Soon after the results of the presidential primaries of the two major parties were announced on Sunday, a friend called me sounding despondent. He had voted for President Muhammadu Buhari since 2003, and was ecstatic when Buhari finally won at his fourth attempt in 2015.
Three years on, however, he is struggling to give Buhari a C, where C is less than average in security, the economy and the fight against corruption – three major areas where he promised change.
By Buhari’s record, trusting him with another four years would be a dangerous leap of faith. It’s not just about what he says or what he means by what he says. What he has done, so far, leaves very little confidence that he’s in charge or can be in charge. He is absent.
If the news from the Eagles Square in Abuja where the equivalent of nearly one quarter of the entire voter population in 2015 was said to have endorsed Buhari was cheerless, my friend was not amused by what happened at the Adokiye Amiesimaka Stadium in Port Harcourt, Rivers State.
On Sunday night, roughly half the delegates were said to have voted for former Vice President Atiku Abubakar as the candidate of the Peoples Democratic Party in next year’s election. Atiku has emerged from third place in the last primaries of this former party and his frequent position as wannabe-in-chief, to flagbearer yet again.
There’s a desperate edge about his quest for compromise and power that hints at a darker, uncomfortable quality about the man. I don’t know what it is, but it’s there – just beneath that veneer of a strategic fighter and a generous heart.
Atiku is not a criminal, whatever anyone might say. But relentless wave after wave of corruption charges made against him since his former boss, President Olusegun Obasanjo, opened the floodgates in 2003 have left him with his head barely above the murky waters.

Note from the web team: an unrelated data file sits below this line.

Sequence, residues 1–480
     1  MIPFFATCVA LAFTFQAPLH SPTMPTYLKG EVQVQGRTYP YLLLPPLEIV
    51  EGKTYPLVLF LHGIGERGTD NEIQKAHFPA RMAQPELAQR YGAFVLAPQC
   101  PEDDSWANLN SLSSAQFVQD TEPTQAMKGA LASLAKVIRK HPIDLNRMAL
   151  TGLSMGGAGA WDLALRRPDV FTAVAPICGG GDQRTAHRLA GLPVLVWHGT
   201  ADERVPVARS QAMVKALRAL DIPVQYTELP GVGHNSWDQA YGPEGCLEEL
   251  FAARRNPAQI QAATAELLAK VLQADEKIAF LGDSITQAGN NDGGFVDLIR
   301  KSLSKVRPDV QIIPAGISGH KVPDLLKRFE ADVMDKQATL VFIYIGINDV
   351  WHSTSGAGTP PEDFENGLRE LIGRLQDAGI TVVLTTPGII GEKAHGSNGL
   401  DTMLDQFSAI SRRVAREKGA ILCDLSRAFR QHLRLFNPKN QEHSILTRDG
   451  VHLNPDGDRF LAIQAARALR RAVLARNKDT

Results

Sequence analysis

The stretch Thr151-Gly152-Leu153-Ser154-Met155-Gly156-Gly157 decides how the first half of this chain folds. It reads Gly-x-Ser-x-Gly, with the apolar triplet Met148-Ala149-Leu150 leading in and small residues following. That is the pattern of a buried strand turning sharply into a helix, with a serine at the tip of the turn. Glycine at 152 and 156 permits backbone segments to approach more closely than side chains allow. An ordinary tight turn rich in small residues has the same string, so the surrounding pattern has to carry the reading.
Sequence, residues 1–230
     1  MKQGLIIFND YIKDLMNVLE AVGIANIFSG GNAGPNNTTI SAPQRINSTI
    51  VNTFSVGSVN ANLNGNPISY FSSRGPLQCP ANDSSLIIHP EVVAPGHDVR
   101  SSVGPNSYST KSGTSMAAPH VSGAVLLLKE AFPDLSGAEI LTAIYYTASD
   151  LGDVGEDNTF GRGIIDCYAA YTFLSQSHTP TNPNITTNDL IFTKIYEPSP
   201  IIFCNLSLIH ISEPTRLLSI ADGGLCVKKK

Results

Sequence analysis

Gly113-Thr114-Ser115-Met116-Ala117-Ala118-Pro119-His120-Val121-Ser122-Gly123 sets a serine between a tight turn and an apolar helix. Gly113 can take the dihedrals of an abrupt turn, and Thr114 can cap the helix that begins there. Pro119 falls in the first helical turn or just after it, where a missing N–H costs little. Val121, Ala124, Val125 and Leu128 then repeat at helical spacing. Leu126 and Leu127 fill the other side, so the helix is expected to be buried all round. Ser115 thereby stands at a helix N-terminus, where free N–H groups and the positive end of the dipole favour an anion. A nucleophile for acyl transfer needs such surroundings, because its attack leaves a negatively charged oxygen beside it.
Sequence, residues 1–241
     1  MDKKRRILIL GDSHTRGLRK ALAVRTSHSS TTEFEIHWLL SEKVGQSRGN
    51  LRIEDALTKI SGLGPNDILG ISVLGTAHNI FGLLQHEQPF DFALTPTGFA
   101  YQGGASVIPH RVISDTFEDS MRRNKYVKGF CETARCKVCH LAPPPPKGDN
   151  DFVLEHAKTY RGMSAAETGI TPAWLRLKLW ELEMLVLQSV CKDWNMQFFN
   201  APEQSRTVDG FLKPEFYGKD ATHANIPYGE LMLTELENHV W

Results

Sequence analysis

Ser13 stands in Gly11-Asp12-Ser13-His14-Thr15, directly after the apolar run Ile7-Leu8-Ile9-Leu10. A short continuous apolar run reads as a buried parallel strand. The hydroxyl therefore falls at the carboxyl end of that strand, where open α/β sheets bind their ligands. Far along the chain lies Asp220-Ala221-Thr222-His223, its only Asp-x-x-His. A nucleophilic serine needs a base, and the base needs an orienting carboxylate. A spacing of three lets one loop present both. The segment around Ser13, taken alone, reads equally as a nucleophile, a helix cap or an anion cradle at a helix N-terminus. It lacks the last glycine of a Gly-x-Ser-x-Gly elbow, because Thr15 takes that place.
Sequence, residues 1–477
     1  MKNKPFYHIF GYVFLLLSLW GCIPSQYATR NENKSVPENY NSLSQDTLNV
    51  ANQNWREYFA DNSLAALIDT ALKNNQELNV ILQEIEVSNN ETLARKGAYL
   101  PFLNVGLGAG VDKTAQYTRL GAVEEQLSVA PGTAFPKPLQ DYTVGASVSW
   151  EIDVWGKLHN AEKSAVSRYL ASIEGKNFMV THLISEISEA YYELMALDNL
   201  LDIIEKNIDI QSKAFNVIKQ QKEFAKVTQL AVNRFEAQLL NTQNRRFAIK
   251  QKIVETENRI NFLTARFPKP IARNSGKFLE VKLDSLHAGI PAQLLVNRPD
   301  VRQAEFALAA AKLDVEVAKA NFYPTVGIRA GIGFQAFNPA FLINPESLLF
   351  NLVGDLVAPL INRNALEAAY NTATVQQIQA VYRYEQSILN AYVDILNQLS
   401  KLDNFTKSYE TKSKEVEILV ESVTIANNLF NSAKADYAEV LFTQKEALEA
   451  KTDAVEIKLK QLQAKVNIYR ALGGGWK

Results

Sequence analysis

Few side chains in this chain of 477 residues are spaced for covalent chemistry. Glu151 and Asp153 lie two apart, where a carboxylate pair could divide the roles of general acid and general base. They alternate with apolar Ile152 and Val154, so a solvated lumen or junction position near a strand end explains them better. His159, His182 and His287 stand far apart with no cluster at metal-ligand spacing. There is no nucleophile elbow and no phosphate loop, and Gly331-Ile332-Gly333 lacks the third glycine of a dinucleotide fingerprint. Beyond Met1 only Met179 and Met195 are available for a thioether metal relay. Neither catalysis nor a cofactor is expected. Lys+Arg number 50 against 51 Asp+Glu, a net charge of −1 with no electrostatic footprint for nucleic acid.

Besides that, how he and his former boss managed to build their business empires from their supposedly modest incomes and also found money to build some of the best private schools in the country, while the public school system collapsed on their watch, have never been satisfactorily explained.
The last general election was worse for the third place candidate. The first and second candidates – Buhari and Jonathan – scored nearly 60 per cent of the total valid votes, while the other 12 shared the remaining with the highest among them, Adebayo Ayeni of African Peoples Alliance, scoring only 53,537 votes
Third place misery
In short, the only thing starker than Buhari v ‘Go-and-get-your PVC’ appears to be Buhari v Atiku. Yet public analyses of the outcome of the primaries in Abuja and Port Harcourt appear to suggest that the other 24 or so candidates who had also emerged from their parties’ primaries by Sunday, are wasting their time: It will be Buhari v Atiku, period.
Maybe. But just maybe. The figures have not been kind to those, like my friend, fighting off the despondency to accept that it might be a settled fight between Buhari and Atiku. In all four general elections since 2003, the highest number of third candidate vote in a presidential election was 2.6m or 7.4 per cent by Atiku Abubakar who ran on the ticket of the Action Congress of Nigeria in 2007.